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12th ART - Horology in the art of time

12th ART Horology in the art of time

Up to now, it was described as a noble craft, but its most passionate followers have now elevated watchmaking to art status.

A 12th art with such a wide range of activities, that with discreet little touches or sometimes in a highly eloquent manner, it sums up the 11 preceding disciplines to have earned this rank. Continuing the series initiated by GMT in April, let's look at the close links that watchmaking has with the world of art, particularly through the first five as defined by the philosopher, Hegel.



The connection between art and architecture is often disconcertingly obvious. How many timepieces use the same aesthetic language as illustrious architectural monuments? The resemblance is sometimes striking, like Harry Winston's Opus 12 whose iconic arches are a reminder of the neo-classical arch which dominates the famous façade of the Harry Winston Salon in New York and whose open-worked hands are a nod to the Manhattan skyscrapers. Or De Bethune's DB28 ST watch, featuring an architecture – that would be hard to describe in any other way – is strangely reminiscent of a Gothic ribbed vault. One also naturally thinks of Urwerk watches with their highly technical dial construction – and indeed of all the watches that share identical vocabulary with architecture. Do not both these arts share a variety of terms including bridges, hinges, pinions, pillars, studs and fluting?


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Take a good look at Chopard's L.U.C XP Skeletec. Gaze attentively at the Jackie Chan model by Richard Mille and its dragon carved in gold. Do you not see true miniature sculptures here ? Engraved, chased, guilloché, or simply sculpted, Fine Watchmaking timepieces borrow their aesthetics from the second art, as well as its technique. Entirely in tune with our times in which the beauty and the precision of human gestures supersede all other considerations relating to watch production, today's timepieces, like those of yesteryear, proudly showcase their reliefs, their volumes and their harmonious curves.


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Worn around the neck, on the collar of women's dresses, in the waistband of a belt or at the end of a chain hung over a waistcoat: for a long time, other than its main function of providing the time, the watch was also designed as a fashion accessory. Decoration, and by extension painting on cases or dials, was also a lastingly important element in watchmaking.

Brands continue to present models that derive their splendour from painting. As rich as that of a painter, the colour palette of DeLaneau's Cerisier collection consists of miniature paintings with highly poetic notes. Another example that emphasises the strong links with the 3rd and 4th arts is that of Vacheron Constantin, which in 2011 presented a beautiful Métiers d'Art piece entitled “Chagall & l'Opera de Paris” inspired by the monumental fresco adorning the ceiling of the Opèra Garnier.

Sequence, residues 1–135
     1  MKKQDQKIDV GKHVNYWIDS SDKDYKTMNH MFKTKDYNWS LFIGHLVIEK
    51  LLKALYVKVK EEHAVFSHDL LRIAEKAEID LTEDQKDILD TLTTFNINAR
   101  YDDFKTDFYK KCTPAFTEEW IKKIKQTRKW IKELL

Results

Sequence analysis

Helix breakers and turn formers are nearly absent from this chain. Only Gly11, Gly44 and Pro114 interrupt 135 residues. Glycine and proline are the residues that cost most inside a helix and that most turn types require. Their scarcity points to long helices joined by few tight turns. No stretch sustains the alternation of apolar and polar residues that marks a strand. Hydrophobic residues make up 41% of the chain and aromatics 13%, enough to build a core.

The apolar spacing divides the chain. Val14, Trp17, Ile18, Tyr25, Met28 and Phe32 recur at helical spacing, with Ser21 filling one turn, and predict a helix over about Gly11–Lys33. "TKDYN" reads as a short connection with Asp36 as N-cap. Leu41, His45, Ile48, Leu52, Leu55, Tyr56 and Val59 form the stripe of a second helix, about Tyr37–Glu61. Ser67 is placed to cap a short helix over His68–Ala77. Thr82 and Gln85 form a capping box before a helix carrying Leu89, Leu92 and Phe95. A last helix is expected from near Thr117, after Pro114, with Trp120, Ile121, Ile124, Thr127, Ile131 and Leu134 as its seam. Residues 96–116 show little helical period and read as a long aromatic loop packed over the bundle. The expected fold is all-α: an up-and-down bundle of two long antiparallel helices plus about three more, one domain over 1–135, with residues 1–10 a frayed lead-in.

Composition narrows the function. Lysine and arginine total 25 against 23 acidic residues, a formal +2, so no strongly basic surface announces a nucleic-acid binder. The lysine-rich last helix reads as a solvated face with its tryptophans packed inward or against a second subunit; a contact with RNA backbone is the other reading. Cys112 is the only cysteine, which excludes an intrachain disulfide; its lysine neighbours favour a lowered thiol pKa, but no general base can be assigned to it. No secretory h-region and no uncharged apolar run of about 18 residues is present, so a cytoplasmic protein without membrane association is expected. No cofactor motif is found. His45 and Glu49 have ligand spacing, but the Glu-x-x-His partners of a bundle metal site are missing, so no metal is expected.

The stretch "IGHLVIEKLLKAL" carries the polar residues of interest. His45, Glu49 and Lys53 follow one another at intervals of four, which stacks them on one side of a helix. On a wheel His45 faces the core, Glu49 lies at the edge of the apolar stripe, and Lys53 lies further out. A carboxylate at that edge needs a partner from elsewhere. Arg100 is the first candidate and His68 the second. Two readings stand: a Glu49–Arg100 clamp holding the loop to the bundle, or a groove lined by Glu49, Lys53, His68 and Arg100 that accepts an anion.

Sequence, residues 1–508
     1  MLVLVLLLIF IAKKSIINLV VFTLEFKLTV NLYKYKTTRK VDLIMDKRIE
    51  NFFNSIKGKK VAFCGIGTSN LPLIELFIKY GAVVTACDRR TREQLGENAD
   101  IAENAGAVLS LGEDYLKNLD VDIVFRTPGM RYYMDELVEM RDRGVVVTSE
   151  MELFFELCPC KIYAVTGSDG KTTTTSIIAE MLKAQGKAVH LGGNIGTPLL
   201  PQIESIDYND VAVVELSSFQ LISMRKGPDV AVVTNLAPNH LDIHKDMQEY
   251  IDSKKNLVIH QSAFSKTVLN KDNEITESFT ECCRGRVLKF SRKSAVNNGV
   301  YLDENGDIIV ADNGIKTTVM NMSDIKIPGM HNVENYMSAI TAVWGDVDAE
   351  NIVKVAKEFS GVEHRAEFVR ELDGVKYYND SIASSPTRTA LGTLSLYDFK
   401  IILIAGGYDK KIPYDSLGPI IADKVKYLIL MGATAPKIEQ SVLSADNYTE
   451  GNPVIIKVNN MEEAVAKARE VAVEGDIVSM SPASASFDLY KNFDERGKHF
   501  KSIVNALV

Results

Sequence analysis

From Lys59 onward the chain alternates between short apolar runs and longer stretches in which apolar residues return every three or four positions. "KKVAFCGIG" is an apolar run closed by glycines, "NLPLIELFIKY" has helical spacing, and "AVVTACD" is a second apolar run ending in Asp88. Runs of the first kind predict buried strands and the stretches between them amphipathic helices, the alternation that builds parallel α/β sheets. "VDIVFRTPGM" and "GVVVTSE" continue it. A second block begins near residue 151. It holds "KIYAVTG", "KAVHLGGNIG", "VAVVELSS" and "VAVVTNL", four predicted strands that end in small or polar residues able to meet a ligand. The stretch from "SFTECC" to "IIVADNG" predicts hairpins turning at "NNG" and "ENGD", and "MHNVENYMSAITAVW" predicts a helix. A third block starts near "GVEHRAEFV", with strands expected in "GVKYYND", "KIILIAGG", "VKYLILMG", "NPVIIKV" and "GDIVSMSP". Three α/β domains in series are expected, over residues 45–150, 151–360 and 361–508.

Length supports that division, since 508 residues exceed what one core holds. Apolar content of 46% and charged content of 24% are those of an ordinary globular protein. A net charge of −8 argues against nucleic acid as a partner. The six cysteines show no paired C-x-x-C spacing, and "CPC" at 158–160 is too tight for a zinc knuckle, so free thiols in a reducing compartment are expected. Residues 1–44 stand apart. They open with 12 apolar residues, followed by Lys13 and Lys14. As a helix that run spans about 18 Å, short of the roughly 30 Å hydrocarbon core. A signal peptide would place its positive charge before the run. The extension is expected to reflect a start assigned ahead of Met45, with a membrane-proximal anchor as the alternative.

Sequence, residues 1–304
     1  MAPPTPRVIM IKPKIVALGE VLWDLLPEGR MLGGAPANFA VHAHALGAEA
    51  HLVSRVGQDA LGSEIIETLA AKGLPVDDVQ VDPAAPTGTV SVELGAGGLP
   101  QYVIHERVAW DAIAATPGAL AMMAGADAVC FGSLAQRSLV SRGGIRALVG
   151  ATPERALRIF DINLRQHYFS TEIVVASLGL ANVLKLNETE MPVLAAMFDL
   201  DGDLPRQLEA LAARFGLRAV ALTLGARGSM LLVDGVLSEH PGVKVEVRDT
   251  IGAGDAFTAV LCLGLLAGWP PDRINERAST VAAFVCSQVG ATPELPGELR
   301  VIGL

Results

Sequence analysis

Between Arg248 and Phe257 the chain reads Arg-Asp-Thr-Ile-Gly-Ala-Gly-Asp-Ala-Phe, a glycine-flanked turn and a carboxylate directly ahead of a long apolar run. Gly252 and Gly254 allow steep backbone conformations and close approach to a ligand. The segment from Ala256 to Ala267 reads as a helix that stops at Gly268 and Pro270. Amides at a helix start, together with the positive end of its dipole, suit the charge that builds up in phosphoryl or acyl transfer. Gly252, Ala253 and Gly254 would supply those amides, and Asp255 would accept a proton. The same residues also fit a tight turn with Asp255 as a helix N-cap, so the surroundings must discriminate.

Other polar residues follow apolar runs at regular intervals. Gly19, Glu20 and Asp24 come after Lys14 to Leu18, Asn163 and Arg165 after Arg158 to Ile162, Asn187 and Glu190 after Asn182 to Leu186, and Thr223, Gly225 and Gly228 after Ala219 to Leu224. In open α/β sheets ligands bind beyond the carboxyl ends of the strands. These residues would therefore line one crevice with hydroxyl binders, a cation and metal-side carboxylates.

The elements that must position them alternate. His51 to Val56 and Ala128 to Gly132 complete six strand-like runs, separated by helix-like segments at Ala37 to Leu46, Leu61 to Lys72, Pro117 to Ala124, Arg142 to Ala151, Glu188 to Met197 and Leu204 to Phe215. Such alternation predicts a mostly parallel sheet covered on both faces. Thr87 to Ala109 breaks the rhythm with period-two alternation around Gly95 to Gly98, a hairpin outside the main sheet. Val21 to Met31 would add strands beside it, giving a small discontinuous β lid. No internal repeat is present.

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The music of the passing of time is a commonly evoked theme. One need only recall the incessant ticking by of the seconds. Time is inseparably entwined with music, and in fact governs it. With each note bearing a different value, even the smallest tune is subject to time. Conversely, the passing of time is also expressed in a musical manner. One naturally thinks of the incredible complication represented by the minute repeater, interpreted through models such as the Jaeger-LeCoultre Reverso Répétition Minutes à Rideau or the new Manufacture Royale Opera model which is none other than the first tourbillon minute repeater with a more than 100-hour power reserve. An instrument as original as Le-DIX Furtif by Celsius also comes to mind, featuring a mechanical sound achieved in collaboration with Parisian artist, Le Tone.


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“Oh ! the joy of childhood days, Backward turn oh time in your flight”… Time, its flight, its race, that which passes and is lost, is a theme that is ever present in the world of the poets. Lamartine, Ronsard and Apollinaire … From fascination to questioning and torment, the greatest have shown an interest in it. Conversely, some brands express a poetic note on the wrist that is highly appreciated, particularly by women. Naturally, Van Cleef & Arpels have made a signature of it with poetic complications and today, their Poetic Wish watches. Cartier also explores the 5th art with its magnificent dreamlike Tourbillon and bird timepiece. Not to mention Piaget, which sets the hours magically whirling and twirling with its new Limelight Dancing Light Collection.


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GMT no 28 - Summer 2012

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